McLaren’s CEO thinks that the UK now has a “golden opportunity” to become the global home of electric supercar manufacturing, provided it can future-proof its supply chain and attract investment in critical technologies.
Speaking at the FT Future of the Car Summit in London, Michael Leiters said that the UK must attract investment in key areas including power-dense, high-performance battery technology.
Mr Leiters said the technology – which is crucial for delivering a fully-electric driving experience that exceeds that of today’s combustion engine supercars – would be ready within the decade.
In another announcement, the company also said that over 90 per cent of its supercars would have some form of electrification within five years.
The news coincides with Michael Leiters announcing the continuation of its multi-year partnership with… Ricardo (not Daniel!). The UK engine manufacturers will supply its McLaren-designed high-performance V8 engines at the heart of its hybrid powertrains.
Although McLaren already does have a hybrid V-engine in its roster – the sleek, stylish and super-fast Artura (0-100kph in 2.9sec), equipped with a 671bhp, 3.0-litre V6 plus e-motor setup. But this all but confirms that V8 hybrid powertrains are set to become an integral part of the Woking-based auto company’s future.
The new units will be designed by McLaren and assembled by Ricardo at its purpose-built factory in Shoreham-by-Sea.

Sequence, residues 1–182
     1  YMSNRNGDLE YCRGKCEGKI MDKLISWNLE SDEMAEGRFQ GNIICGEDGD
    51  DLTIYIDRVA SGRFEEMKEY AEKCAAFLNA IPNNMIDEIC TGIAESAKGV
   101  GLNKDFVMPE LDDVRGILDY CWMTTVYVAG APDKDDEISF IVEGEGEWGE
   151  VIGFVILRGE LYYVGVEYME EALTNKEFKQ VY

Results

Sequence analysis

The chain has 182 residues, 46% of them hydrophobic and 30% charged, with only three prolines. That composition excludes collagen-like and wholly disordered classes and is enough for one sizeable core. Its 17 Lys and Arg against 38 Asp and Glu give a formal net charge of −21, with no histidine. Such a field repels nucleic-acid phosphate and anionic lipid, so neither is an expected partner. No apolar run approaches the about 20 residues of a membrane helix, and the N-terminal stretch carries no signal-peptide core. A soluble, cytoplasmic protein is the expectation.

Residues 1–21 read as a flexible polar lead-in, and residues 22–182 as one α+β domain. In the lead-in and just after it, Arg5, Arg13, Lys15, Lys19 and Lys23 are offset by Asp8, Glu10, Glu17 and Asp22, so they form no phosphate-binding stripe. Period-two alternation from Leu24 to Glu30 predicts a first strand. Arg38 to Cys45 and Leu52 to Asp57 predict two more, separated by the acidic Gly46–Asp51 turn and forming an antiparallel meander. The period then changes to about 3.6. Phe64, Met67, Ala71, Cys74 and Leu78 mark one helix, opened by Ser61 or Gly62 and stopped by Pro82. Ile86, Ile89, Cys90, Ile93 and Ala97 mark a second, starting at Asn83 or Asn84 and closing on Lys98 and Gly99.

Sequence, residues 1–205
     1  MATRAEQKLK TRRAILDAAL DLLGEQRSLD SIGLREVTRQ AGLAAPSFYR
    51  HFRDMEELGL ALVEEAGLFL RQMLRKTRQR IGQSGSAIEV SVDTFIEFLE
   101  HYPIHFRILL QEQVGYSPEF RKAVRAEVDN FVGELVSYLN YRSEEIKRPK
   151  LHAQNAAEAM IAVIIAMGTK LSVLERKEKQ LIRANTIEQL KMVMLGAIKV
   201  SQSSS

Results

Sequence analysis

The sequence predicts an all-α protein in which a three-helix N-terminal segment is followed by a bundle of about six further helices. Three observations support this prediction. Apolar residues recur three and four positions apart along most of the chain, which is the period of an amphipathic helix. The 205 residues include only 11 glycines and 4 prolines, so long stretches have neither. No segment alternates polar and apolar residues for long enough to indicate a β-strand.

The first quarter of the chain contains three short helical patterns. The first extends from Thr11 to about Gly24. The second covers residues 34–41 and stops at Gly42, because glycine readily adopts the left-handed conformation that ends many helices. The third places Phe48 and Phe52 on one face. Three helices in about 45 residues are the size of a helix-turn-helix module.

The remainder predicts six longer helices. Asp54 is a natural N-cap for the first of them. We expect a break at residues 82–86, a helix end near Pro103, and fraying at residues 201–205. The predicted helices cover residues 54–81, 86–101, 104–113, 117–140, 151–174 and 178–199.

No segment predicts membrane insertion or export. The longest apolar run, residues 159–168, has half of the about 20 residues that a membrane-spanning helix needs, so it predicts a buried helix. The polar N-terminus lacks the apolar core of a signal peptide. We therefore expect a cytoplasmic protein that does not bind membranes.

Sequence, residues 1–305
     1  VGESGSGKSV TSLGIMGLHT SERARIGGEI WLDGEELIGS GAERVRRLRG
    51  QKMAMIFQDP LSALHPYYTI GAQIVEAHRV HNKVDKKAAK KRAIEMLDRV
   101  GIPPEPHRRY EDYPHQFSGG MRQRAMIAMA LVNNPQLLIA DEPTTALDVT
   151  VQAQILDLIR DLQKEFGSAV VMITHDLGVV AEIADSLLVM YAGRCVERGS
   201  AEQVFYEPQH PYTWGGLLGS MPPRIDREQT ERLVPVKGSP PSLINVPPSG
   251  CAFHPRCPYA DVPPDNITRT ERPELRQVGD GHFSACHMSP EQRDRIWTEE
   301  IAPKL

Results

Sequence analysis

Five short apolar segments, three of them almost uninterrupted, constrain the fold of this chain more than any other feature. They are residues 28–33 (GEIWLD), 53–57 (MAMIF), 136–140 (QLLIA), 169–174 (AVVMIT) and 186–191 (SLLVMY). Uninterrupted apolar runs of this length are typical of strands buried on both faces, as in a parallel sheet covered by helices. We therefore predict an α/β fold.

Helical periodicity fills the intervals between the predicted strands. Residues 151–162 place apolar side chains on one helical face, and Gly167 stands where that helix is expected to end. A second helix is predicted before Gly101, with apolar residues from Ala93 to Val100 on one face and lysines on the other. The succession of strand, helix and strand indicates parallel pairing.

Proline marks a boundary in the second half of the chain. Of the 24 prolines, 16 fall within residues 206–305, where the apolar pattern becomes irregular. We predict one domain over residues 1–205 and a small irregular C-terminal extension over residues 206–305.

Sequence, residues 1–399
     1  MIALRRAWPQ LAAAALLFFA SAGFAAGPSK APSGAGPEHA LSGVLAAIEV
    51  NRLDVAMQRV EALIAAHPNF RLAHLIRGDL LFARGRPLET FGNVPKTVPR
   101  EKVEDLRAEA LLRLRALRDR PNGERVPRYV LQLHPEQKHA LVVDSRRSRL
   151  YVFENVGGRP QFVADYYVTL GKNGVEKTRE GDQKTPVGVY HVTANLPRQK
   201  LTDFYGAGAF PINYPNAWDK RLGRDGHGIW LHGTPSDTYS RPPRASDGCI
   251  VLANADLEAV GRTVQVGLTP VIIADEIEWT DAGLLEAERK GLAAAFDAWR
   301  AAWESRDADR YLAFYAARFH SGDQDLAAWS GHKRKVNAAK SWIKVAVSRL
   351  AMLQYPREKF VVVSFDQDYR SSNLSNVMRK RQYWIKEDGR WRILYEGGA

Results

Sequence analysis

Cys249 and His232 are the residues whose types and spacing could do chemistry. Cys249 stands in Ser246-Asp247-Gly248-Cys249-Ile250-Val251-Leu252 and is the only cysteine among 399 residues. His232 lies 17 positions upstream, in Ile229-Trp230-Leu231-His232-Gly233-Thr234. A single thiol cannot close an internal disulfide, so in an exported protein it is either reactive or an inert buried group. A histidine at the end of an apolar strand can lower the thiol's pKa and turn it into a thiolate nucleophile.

Ricardo CEO Graham Ritchie said: “We are extremely pleased to have concluded this new engine supply agreement with McLaren Automotive for their next-generation high-performance V8 powertrain, which extends the long-term relationship between both companies into the next decade.”
Mr Leiters, however, warned that investment in the supply chain of critical technologies is essential for UK high-performance car manufacturers to remain competitive on a global scale. He continued that if McLaren was to switch powertrains to pure-electric today, the amount of British-sourced components would drop from 75 to 35 per cent.
“The UK has a rich history in motorsport and performance car manufacturing which – with the correct playing conditions – means the UK is ideally placed to lead the world in the development of the next generation of supercars and related technologies.”
Mr Leiters added that McLaren’s core technological expertise in lightweight carbon fibre and aerodynamics can help improve energy efficiency and is not only applicable to supercars but is also “attracting strong interest from other sectors including the aerospace industry”.